Private Equity Gets a Growth Spurt
Ever since it’s been a thing, private equity has pushed the boundaries of financing. These days private equity attracts an ever-expanding list of investors and entrepreneurs while the stock exchange spins its wheels.
Stock exchanges have existed for over four centuries since the first was established in Amsterdam, but private equity has only been around since the 1950s, when the first leveraged buyouts were made in the US. Traditionally, if a business sought financing from a source other than a bank, it turned to public markets. But times change and private equity, the adolescent of the financing family, has long since shed its baby teeth. Today, private equity is concerned not only with the rescue, development and sale of companies (often in that order), but with financing everything from tech startups to infrastructure projects. A by-product of the rise of private equity has been large traditional investors, such as pension and sovereign wealth funds, sitting up and taking notice.
Record levels of funding raised
“The last five years have been among the most glorious in the history of private equity,” affirms Arnaud Minivielle, a senior partner at McKinsey. According to a study by Prequin in 2018, while the amount raised by private equity funds or general partners globally shrunk by 16% to $385 billion in 2018, this is still a remarkable result, and to be expected after 2017’s blockbuster $460 billion raised. In fact, 2018 was still the third best year in history for private equity. A victim of their success, private equity funds now have unprecedented levels of dry powder – money raised that has not yet been invested. The time has come, perhaps, to stop accepting funding before a plan for it to be allocated is in place.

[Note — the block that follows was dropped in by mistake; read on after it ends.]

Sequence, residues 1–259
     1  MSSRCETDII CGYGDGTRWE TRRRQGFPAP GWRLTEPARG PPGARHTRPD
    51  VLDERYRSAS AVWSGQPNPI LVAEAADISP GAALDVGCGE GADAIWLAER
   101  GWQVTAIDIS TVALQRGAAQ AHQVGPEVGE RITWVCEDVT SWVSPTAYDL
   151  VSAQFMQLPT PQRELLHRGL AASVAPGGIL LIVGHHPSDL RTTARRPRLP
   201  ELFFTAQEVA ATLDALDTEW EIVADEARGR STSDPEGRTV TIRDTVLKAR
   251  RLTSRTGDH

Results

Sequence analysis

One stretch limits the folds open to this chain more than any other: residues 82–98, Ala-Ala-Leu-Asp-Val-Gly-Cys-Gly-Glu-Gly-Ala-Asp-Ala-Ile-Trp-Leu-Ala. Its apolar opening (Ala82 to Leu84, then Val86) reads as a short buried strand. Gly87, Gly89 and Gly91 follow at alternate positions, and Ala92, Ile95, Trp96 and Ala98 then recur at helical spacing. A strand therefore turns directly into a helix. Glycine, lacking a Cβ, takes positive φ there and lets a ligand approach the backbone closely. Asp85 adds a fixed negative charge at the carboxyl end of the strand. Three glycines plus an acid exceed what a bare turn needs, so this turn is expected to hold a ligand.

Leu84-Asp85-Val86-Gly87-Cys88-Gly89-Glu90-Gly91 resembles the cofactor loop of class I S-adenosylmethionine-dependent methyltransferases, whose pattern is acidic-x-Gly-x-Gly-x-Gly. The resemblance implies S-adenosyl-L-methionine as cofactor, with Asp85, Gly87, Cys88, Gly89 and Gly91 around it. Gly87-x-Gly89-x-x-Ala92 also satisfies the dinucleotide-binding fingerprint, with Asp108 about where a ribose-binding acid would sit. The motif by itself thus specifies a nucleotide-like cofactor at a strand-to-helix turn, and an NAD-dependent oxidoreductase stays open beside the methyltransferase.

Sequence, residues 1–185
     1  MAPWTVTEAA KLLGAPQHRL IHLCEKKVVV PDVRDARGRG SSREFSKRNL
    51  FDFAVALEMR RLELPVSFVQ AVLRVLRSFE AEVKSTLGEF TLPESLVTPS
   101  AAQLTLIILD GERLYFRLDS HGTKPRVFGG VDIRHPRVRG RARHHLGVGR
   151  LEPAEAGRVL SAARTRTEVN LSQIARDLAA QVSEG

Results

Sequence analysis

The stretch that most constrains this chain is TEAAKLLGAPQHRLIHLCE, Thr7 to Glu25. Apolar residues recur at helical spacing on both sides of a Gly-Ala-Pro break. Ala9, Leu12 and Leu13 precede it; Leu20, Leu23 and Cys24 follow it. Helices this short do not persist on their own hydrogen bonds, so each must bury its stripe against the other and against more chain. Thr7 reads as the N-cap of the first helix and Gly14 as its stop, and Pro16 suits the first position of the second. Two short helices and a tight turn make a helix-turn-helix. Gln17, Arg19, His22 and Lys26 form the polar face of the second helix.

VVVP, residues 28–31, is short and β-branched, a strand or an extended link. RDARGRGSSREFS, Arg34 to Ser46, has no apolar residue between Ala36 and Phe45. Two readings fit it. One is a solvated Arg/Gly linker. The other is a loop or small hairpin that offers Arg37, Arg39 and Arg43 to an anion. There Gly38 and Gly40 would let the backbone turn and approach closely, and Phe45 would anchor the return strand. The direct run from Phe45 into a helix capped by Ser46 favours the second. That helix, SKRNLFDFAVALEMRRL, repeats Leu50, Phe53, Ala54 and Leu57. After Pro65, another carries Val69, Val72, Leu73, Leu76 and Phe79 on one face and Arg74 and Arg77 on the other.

An overabundance of dry powder
At the same time as fundraising hit new heights, stocks of dry powder went up 13% between 2012 and 2017 and actually outstripped the volume of acquisitions. If the trend persists and acquisition multiples continue to touch the sky, the specter of a bubble in the market could easily develop. With valuations 11.1 times the ebitda, a level last seen in 2007, the market would appear to be overheating. If the market does go into decline, at least the general partners have a significant war chest with which to alleviate the constant pressure surrounding fund performance. But, any way you care to slice it, the question remains: how to increase deal volume while reducing the level of dry powder? Other than increasing the size of vehicles and targeting larger companies, the non-listed market needs to grow. One of the solutions would be to expand into areas of financing which are less well covered, such as late-stage venture capital, growth capital or public to private operations. However, contrary to appearances, there is not a limitless supply of capital. As Arnaud Minvielle stresses “the market is increasingly polarized between the best-performing general partners on the one hand, and those which have reached critical mass and are oversubscribed, on the other.”
Private equity star shines bright
If private equity has reached hitherto unattainable heights, it is down in no small part to the fact that traditional trade sales have run out of steam – we are witnessing a changing of the guard. The economist Patrick Artus has pointed out that the number of listed companies in the United States has plummeted over the last twenty years, from 8,000 at the turn of the century to 3,800 today. According to a study by EY, private equity has consistently outperformed companies on leading stock exchanges. David Rubenstein, one of the founding fathers of modern private equity financing and co-executive chairman of the Carlyle group maintains that “private equity is the best means of improving a company’s productivity, and is not just a simple loan transaction” because of all the added benefits it brings to a company, such as advice from experts in value creation.
And it is precisely this ability to generate returns that will continue to seduce everyone from young entrepreneurs to heads of multinationals.
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